Lehrer: Well, it sounds like you pretty well decided that this two-wars-at-one-time thing is gone.

Rumsfeld: No, that's not correct. What I have decided is that it deserves to be tested; it deserves to be analyzed; it deserves to be talked about, because it is so important. It is a big idea, and we need to address it as a country and in the Congress and in the Department of Defense, and that's what we're doing. I'm raising that issue up and saying, "Let's look at this, let's ask ourselves, what are the real threats?"

We know we don't have a threat from the Soviet Union coming across the north German plain. We also know that, with the proliferation of all these technologies around the world, that many more countries are going to have weapons of mass destruction. Many more countries are going to have the means to deliver them. There's the risks of information warfare. We're highly vulnerable because we're so dependent on high technology as a country. And we need to invest enough in research and development, I think, so that we can stay ahead of those threats.

Lehrer: Now, when you started this, the expectation, right or wrong, was that one on one day in spring, like say right now, there's going to be a Rumsfeld plan for reorganizing the military. Is that --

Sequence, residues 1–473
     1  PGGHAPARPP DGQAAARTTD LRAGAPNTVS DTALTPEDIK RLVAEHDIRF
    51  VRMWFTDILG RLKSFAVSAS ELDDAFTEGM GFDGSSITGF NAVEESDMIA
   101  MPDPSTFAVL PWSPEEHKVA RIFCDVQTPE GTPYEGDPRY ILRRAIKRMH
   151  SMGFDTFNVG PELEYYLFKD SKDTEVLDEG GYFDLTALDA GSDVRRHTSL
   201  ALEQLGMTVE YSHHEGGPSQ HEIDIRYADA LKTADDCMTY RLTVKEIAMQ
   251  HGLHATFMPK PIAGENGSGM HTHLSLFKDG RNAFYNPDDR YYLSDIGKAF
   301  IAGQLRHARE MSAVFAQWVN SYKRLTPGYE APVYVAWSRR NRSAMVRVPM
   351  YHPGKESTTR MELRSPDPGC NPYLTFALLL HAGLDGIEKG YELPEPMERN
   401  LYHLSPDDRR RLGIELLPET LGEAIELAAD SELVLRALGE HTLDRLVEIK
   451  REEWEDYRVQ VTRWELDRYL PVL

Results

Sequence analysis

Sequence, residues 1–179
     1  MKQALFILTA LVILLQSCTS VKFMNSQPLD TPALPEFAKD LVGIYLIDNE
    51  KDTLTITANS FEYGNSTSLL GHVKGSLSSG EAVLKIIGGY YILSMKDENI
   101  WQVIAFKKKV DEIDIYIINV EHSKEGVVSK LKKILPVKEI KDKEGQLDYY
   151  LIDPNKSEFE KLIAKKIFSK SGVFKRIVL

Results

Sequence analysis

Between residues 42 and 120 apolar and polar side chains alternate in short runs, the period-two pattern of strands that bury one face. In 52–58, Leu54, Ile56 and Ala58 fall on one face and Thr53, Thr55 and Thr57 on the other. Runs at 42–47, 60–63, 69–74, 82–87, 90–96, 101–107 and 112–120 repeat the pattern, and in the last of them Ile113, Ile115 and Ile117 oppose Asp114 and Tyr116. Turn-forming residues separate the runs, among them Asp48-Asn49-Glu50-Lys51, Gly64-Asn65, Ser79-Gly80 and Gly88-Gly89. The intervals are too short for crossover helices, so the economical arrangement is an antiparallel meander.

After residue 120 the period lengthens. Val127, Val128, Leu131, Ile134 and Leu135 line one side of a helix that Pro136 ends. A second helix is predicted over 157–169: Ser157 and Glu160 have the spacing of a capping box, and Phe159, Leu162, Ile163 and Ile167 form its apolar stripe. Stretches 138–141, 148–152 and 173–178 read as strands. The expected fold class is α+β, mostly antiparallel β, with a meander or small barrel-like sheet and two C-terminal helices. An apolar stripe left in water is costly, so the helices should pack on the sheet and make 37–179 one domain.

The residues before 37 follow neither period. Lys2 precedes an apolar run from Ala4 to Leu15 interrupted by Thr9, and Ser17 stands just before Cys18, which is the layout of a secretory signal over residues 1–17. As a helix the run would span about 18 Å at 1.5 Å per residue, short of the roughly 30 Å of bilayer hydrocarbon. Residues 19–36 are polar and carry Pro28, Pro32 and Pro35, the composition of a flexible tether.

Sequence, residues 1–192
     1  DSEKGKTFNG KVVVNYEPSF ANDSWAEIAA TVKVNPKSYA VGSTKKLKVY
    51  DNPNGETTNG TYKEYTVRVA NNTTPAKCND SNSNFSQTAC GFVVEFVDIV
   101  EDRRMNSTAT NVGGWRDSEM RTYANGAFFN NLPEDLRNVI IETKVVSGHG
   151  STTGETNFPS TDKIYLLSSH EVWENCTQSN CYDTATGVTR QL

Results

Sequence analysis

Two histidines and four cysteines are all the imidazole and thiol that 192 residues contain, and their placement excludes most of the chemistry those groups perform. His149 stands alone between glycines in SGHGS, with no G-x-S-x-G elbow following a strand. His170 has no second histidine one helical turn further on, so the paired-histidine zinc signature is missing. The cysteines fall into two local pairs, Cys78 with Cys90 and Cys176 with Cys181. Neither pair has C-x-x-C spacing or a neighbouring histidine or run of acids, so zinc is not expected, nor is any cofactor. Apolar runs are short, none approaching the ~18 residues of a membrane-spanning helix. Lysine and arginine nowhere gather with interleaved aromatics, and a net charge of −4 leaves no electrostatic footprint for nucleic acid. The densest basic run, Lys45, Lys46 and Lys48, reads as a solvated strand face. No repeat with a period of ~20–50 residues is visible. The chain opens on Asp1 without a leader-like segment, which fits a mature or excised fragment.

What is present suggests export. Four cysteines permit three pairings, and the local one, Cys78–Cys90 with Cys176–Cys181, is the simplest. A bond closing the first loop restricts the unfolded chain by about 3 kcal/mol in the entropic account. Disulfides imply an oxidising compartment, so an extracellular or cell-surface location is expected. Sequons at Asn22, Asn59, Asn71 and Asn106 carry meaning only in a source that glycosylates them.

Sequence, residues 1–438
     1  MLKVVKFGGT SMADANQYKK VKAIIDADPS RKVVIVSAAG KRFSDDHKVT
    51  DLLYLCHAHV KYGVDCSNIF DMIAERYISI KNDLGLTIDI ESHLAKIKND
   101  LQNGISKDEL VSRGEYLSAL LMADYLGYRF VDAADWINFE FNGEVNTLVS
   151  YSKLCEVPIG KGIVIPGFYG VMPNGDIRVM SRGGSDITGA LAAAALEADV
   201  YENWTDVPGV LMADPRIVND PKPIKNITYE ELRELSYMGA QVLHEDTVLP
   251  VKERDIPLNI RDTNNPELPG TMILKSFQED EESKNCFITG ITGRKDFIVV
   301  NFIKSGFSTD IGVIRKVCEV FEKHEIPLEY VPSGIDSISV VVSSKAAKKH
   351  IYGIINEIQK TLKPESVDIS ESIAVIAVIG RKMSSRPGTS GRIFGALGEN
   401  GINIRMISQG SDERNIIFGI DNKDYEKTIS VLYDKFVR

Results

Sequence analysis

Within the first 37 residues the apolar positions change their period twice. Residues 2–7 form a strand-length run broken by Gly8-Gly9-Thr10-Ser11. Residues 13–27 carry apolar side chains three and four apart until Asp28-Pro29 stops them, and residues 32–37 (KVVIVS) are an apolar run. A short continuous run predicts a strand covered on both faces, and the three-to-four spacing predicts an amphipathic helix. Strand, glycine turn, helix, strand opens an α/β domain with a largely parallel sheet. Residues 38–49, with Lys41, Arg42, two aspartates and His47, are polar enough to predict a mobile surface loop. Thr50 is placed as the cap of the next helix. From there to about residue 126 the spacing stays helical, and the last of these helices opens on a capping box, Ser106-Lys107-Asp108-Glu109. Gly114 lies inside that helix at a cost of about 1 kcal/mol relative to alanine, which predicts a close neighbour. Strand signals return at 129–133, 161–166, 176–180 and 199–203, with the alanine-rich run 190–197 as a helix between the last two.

Rumsfeld: It certainly never came out of my mouth that way. I think a lot of people assume that to come into these -- the president came in with some ideas and he asked me to look, for example, at the morale in the armed forces and the circumstance of the men and women in the armed forces, and we're doing that. And we're going to have some proposals to change the circumstance and improve that; we have to. The whole process depends on the attracting and retaining the very best people.

He asked us to look at nuclear forces, and I'm doing that. I've had my seventh or eighth meeting today, and I have another one tomorrow. We've been doing it repeatedly where we're going through how our offensive nuclear forces are arranged. At some point we'll have some proposals to very likely make some adjustments with respect to it. But I think the expectation that you're going to make an enormous change is not understandable once you say you want to look at something; it's understandable, but it doesn't necessarily follow that that will happen. We certainly think we can come up with something better, but until we do, we have to keep looking.

Lehrer: Is the new Democratic control of the United States Senate going to change anything for you?

Rumsfeld: I don't know. It's been a very bipartisan committee, the Armed Services Committee in the Senate. So, too, the Appropriations Committee has been very bipartisan and the Subcommittee on Defense. I've been working with both sides of the aisle continuously since I arrived several months ago, and we've approached our task in a nonpartisan way.